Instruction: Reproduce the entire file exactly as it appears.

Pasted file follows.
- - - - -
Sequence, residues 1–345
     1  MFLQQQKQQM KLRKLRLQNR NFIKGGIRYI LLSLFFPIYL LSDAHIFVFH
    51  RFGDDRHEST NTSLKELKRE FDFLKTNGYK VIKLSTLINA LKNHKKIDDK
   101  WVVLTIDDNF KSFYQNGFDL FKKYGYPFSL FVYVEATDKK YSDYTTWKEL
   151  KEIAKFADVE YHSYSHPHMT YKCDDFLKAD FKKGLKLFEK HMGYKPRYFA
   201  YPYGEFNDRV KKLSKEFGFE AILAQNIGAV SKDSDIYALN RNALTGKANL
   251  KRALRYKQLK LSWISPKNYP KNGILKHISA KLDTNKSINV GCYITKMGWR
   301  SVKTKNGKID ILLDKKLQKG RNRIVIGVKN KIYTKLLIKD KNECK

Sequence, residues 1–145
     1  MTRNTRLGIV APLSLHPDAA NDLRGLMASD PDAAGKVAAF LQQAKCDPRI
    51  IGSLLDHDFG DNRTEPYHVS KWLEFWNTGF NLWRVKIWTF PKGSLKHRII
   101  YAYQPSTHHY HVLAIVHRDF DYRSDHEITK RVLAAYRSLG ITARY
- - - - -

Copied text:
Sequence, residues 1–345
     1  MFLQQQKQQM KLRKLRLQNR NFIKGGIRYI LLSLFFPIYL LSDAHIFVFH
    51  RFGDDRHEST NTSLKELKRE FDFLKTNGYK VIKLSTLINA LKNHKKIDDK
   101  WVVLTIDDNF KSFYQNGFDL FKKYGYPFSL FVYVEATDKK YSDYTTWKEL
   151  KEIAKFADVE YHSYSHPHMT YKCDDFLKAD FKKGLKLFEK HMGYKPRYFA
   201  YPYGEFNDRV KKLSKEFGFE AILAQNIGAV SKDSDIYALN RNALTGKANL
   251  KRALRYKQLK LSWISPKNYP KNGILKHISA KLDTNKSINV GCYITKMGWR
   301  SVKTKNGKID ILLDKKLQKG RNRIVIGVKN KIYTKLLIKD KNECK

Sequence, residues 1–145
     1  MTRNTRLGIV APLSLHPDAA NDLRGLMASD PDAAGKVAAF LQQAKCDPRI
    51  IGSLLDHDFG DNRTEPYHVS KWLEFWNTGF NLWRVKIWTF PKGSLKHRII
   101  YAYQPSTHHY HVLAIVHRDF DYRSDHEITK RVLAAYRSLG ITARY